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Enable OpenSSH for Windows #63
Seeking feedback on changes in OpenSSH sources added to support Windows platforms. The changes are not complete yet (code reviews and significant testing are still pending) but since most of the main line functionality is in place, we thought we would check with experts on changes done so far and if they seem feasible for a possible integration upstream sometime in future. Please focus on changes within the root folder and in openbsd-compat.
Following is done to keep most of Unix-based OpenSSH source code intact and to make it work on Windows.
That said, following lead to inclusion of some Windows specific code in OpenSSH sources
The changes done so far ensured that the original code for Unix remains untouched. This is so as to not cause any regressions in Unix land and to ensure easier review of the initial set of changes.
I've finally found some time to start looking at this. Some high-level comments first. Please keep in mind that I'm not very familiar with Windows programming and haven't done any for quite a few years.
I'm unclear why you re-used ssh-agent to perform what seems to be a very different role in the server. It seems to acting in a role that is analogous to the privilege separation monitor process on Unix. I can understand why you'd want a separate persistent process to handle parts of the authentication flow, but why built it in to ssh-agent? Could you bring back something more similar to OpenSSH Unix style privsep by making sshd.c:server_accept_loop() spawn two processes (monitor and unprivileged child) instead of one?
The authentication callouts to the ssh-agent process seem to get back a token pointer that is stored in authctxt->methoddata and later used in setting up the session. Given the token pointer is passed as a 32 bit value, how does this work on 64 bit systems?
Removing privilege separation and sandboxing is quite a loss IMO. I guess splitting some functions into ssh-agent provides some of the benefits of privilege separation but it still seems like a subset of the protections it provides, e.g. in Unix privilege separation the host's private keys are not directly available to the low-privilege process. This doesn't seem to be the case with the current ssh-agent arrangement (though it could be). Also, I think (remember that my Win32 experience is years rusty though) that sandboxing in Unix OpenSSH more drastically limits what the low-privilege process can do - e.g. rendering it unable to open network connections and probe kernel attack surface for local privilege escalations.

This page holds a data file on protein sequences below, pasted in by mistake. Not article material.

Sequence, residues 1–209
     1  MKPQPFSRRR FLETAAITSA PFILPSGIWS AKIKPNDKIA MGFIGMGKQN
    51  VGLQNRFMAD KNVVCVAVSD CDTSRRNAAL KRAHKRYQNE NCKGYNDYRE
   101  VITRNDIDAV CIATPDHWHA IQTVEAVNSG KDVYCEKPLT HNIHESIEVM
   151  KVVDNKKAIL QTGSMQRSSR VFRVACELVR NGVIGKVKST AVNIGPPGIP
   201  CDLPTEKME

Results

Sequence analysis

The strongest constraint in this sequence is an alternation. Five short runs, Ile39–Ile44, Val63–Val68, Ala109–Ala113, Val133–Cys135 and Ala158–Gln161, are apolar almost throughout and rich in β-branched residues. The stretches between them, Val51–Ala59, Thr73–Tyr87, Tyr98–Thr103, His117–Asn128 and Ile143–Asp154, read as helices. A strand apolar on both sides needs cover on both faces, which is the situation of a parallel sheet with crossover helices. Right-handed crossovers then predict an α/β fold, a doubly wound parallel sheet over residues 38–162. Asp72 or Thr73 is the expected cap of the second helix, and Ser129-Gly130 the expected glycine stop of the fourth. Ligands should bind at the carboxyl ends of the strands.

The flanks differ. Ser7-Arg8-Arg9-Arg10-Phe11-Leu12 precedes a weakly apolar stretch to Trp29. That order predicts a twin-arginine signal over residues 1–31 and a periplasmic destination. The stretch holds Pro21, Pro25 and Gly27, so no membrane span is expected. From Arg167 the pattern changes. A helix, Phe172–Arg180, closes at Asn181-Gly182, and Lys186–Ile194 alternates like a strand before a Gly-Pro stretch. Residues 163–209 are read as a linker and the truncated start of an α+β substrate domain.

One specific comment: process_authagent_request() in authagent-request.c doesn't check opn_len is sufficient before calling memcmp()
Generally, I don't see us being able to merge this patch any time soon because there are way too many ifdefs for us to maintain upstream given our general lack of experience developing Windows applications - we'd end up accidentally breaking Windows support too often for it to be viable.
That being said, I think we could work towards minimising large parts of it. A good place to start might be in subprocess handling - there are a few cases where we need to fire off subprocesses (e.g. sftp and scp). If we made a more convenient API to do so then we could probably avoid a bunch of ifdefs. We could use something like your spawn_child API as a basis...
Thanks @djmdjm for looking into this.
Here's some back ground. In Windows, it’s a standard practice to run any Network facing service under the context of NetworkService. This is a special low privilege machine account that (at least in theory) should do no harm to the system if its compromised from a security standpoint. Otherwise, Windows services rarely need to run as root. Authentication is carried over by talking to SSPs (GSSAPI provider equivalents) that are hosted by security subsystem. The end result of client authentication is a security token that represents the client user.
When I approached privilege separation for Windows, I had to weigh in its benefits vs its complexity. It does provide a more controlled and sandboxed environment to process untrusted network data. But due to the fact that there isn't a fork() equivalent in Windows, having a side by side implementation (using a spawn_child approach) is going to make it more complex from a code management stand point. By disabling the current "privilege separation code" entirely for Windows, I felt we can keep the assumptions clean and simple while introducing and enabling Windows support. Perhaps, we could look into complexity introduced by solving this problem for sshd initial fork (for connection worker) and reevaluate the feasibility of introducing privilege separation for Windows at a later point.
Otherwise, running the daemon as a less privileged service itself would provide us with reasonable security to start with. At this point we had to consider how to secure "host keys". For Windows, running ssh-agent as a root service solved this problem without introducing any common code changes or complexity. Ssh-agent for Windows can persist key registrations by securely storing them using user's or system's security context. To keep host keys secure on Windows, it is recommended to register them with ssh-agent. That said, the ssh-agent model itself is still intact and users can use other agents of their choice (by setting SSH_AUTH_SOCK).